Track Your Fertile Days
Most likely, you are convinced that the most fertile days are when you are ovulating. The issue is, how accurate and prepared for these fertile days? If you are reading this, most probably you want to have a baby, or you are aware of someone who wants to. Most women underestimate the efforts it takes actually to conceive, and while some get pregnant without trying there are those who struggle with it for years or months.
If you want to conceive, the first thing that you need to do is identifying your most fertile days.
But what are fertile days? It is common knowledge that during your menstrual cycle, there are days that you can get pregnant, and there are days that you cannot. The best time to try to conceive is when your body is most fertile, and this is the day before ovulation, the ovulation day and the day after ovulation.
Conception Tips for The Average Joe
Trouble presents itself in that most women are oblivious of what point in their cycle they ovulate. You can track your fertile days through fertility charting. Fertility charting can be done in several ways but here are just a few of them.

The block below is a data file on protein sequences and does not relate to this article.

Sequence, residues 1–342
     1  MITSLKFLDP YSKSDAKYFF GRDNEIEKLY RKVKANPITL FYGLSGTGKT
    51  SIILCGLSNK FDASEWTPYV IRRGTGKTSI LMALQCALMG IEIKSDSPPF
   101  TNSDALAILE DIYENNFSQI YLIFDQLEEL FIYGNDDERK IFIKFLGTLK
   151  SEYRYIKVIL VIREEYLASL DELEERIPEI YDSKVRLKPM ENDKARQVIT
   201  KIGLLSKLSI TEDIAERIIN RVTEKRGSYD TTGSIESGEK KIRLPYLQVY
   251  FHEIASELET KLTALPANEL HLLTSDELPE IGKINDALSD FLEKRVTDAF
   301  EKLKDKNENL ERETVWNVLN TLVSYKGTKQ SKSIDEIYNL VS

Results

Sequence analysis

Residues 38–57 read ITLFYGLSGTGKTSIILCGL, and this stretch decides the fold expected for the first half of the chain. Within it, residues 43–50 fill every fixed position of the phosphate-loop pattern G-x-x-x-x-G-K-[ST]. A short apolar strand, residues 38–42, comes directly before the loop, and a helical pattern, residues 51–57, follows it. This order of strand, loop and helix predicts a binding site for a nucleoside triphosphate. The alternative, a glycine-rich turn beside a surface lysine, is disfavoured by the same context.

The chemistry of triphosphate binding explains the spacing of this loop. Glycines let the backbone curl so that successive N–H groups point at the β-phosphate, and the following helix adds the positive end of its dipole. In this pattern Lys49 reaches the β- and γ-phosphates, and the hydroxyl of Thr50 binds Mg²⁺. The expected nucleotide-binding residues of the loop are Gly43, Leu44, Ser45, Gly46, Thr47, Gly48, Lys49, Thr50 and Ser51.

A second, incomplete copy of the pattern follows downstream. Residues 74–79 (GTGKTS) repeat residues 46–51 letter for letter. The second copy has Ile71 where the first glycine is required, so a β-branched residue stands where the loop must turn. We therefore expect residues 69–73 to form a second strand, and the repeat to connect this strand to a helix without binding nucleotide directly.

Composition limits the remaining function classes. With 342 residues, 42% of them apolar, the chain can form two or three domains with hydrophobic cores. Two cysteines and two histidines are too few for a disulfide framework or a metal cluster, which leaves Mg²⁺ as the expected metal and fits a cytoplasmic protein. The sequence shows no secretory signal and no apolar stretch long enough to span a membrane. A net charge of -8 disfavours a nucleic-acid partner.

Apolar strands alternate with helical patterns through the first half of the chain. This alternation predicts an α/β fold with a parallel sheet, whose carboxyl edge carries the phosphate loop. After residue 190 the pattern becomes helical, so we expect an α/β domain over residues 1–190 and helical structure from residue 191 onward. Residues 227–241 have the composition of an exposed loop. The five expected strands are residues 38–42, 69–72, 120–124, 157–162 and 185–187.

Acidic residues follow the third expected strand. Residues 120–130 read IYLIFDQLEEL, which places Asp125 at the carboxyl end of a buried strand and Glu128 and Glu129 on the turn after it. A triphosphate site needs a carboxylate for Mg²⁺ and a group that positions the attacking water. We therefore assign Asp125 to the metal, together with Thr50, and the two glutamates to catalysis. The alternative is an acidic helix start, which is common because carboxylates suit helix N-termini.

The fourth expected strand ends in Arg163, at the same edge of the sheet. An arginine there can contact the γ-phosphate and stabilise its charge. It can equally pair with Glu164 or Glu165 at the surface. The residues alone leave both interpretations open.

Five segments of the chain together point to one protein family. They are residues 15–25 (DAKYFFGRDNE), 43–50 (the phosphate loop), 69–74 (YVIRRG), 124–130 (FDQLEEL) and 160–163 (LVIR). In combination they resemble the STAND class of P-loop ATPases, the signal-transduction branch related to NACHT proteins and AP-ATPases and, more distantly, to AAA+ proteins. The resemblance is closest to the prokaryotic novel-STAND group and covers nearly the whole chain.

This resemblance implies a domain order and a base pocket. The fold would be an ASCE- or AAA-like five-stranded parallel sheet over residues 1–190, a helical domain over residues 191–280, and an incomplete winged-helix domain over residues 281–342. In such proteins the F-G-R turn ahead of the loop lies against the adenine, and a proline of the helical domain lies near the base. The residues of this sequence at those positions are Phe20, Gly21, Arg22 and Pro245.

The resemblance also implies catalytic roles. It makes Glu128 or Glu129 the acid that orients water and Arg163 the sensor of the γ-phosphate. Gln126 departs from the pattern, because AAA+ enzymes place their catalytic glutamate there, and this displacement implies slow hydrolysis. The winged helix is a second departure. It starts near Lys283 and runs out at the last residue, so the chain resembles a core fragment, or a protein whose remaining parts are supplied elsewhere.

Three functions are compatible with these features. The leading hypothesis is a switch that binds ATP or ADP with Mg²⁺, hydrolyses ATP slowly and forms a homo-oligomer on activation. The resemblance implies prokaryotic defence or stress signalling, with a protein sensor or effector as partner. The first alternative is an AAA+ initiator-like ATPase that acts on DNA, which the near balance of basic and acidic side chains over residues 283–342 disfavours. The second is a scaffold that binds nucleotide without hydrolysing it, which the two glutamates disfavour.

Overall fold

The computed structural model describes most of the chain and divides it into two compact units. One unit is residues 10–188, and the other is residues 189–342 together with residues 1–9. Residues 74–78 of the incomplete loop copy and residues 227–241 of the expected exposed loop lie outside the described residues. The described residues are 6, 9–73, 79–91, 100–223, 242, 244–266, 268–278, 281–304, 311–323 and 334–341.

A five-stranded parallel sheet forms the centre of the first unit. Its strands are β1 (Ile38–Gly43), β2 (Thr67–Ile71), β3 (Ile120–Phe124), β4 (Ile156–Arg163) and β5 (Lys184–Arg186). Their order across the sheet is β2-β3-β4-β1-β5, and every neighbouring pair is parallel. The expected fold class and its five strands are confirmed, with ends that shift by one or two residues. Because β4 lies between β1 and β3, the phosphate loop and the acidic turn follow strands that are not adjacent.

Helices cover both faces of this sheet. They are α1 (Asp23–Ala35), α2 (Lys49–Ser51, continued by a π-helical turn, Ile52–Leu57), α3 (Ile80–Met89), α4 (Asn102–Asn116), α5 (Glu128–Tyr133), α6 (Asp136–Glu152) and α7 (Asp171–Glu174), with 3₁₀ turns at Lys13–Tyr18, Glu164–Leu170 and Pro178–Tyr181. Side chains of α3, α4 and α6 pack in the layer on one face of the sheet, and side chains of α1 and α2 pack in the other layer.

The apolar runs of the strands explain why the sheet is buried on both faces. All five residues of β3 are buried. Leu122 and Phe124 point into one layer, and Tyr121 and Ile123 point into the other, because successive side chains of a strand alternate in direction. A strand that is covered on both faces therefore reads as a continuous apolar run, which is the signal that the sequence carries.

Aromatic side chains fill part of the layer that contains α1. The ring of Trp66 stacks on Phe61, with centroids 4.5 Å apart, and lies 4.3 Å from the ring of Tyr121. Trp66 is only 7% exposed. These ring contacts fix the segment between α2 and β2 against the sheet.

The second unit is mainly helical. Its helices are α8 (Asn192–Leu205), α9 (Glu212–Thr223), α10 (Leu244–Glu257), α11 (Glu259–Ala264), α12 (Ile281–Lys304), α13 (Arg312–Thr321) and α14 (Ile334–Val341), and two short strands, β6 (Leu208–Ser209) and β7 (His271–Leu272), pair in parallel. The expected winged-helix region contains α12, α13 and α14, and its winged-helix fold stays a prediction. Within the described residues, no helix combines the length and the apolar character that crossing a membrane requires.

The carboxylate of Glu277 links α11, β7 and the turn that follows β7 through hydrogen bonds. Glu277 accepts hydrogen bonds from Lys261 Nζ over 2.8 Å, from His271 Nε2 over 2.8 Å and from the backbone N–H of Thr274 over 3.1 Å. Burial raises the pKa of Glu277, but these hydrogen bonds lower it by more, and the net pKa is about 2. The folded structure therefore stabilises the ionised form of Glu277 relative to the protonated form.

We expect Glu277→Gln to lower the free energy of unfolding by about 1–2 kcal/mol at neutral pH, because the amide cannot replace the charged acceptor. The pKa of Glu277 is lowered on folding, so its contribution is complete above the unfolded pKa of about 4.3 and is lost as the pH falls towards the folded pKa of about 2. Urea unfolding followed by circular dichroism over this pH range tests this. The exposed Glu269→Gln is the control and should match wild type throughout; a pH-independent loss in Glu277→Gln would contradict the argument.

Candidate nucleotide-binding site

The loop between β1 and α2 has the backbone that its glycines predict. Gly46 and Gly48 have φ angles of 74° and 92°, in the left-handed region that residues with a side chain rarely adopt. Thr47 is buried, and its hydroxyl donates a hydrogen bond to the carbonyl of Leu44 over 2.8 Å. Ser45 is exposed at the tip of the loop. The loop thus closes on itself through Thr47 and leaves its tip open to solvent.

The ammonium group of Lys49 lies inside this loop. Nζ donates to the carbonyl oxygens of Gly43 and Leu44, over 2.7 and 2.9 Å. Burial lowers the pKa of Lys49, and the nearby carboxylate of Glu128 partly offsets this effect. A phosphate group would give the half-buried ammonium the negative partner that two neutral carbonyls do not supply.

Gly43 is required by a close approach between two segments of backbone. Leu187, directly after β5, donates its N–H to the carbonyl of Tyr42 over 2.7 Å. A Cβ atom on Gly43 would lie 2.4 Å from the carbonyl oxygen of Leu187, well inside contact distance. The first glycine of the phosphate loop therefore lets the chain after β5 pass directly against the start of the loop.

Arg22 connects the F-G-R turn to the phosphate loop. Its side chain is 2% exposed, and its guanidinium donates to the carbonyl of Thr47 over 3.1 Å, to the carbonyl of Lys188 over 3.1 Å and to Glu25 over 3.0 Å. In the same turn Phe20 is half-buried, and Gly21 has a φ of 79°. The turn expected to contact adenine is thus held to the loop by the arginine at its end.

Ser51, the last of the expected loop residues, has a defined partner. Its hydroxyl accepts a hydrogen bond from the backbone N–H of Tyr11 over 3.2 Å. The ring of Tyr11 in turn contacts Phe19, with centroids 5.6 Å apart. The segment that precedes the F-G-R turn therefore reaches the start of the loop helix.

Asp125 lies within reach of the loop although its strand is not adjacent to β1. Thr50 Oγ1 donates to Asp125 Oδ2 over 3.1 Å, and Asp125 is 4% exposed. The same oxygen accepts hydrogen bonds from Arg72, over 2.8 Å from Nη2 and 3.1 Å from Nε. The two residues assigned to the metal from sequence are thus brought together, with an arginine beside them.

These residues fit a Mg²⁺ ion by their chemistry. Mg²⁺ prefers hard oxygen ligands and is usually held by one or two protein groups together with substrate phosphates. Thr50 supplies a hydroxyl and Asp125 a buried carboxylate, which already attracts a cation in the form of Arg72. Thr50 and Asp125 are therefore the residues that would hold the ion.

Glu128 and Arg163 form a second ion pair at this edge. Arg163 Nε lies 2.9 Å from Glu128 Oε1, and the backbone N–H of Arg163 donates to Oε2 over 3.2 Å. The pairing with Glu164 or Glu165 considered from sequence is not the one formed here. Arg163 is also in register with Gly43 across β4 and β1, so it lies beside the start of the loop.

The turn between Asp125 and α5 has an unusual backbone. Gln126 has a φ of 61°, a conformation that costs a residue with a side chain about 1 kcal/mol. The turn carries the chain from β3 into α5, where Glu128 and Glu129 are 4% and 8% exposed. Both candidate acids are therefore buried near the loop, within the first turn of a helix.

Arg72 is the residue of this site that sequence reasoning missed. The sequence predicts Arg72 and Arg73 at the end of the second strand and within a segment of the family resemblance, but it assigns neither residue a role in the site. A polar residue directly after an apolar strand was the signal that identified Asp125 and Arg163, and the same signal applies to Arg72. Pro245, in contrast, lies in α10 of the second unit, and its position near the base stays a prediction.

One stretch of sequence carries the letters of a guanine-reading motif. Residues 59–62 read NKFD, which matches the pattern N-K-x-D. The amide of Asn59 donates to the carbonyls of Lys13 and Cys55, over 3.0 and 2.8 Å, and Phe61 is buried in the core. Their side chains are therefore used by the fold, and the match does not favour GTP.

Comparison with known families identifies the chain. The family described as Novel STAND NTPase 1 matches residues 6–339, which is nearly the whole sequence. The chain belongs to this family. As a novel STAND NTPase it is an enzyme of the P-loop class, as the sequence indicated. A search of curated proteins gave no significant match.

Where To Start with Guide and More
Analyse Cervical Mucus
You can determine when ovulation is near by taking note of the changes in the cervical mucus. Right after the period, you will have dryness. When approaching ovulation, the mucus increases and becomes moist and sticky. During ovulation, the amount of mucus increases and looks similar to the egg whites and feels slippery and stretchable. You are now in your fertile days and can actually get pregnant.
Basal Body Temperature
When your ovulation cycle begins, the body temperature is usually lower; it is at 97-97.5 degrees F. An increase of as low as o.4 to 0.6 degrees can be detected as the body produces more of the progesterone hormone. The the rise in the BBT will continue to be that way for the rest of the cycle. You can determine ovulation by tracking your BBT at the same time every day and taking note of when the temperature rises.
The Calendar Method
If you have regular periods, you can utilize an ordinary calendar to keep track of your cycle. The first date to be marked is the day you actually begin your period. When you start the next menstruation, this marks the beginning of the other cycle, and this is not added to the last cycle’s numbers. After seven to eight months of keeping track of the cycles, you do the following
Subtract 18 from the total number of days of the shortest cycle. If, for instance, your shortest cycle is 29 days, subtract 18 from 29 which is 11. Go to your current cycle and count 11 days in and tick the second date, this is when ovulation begins.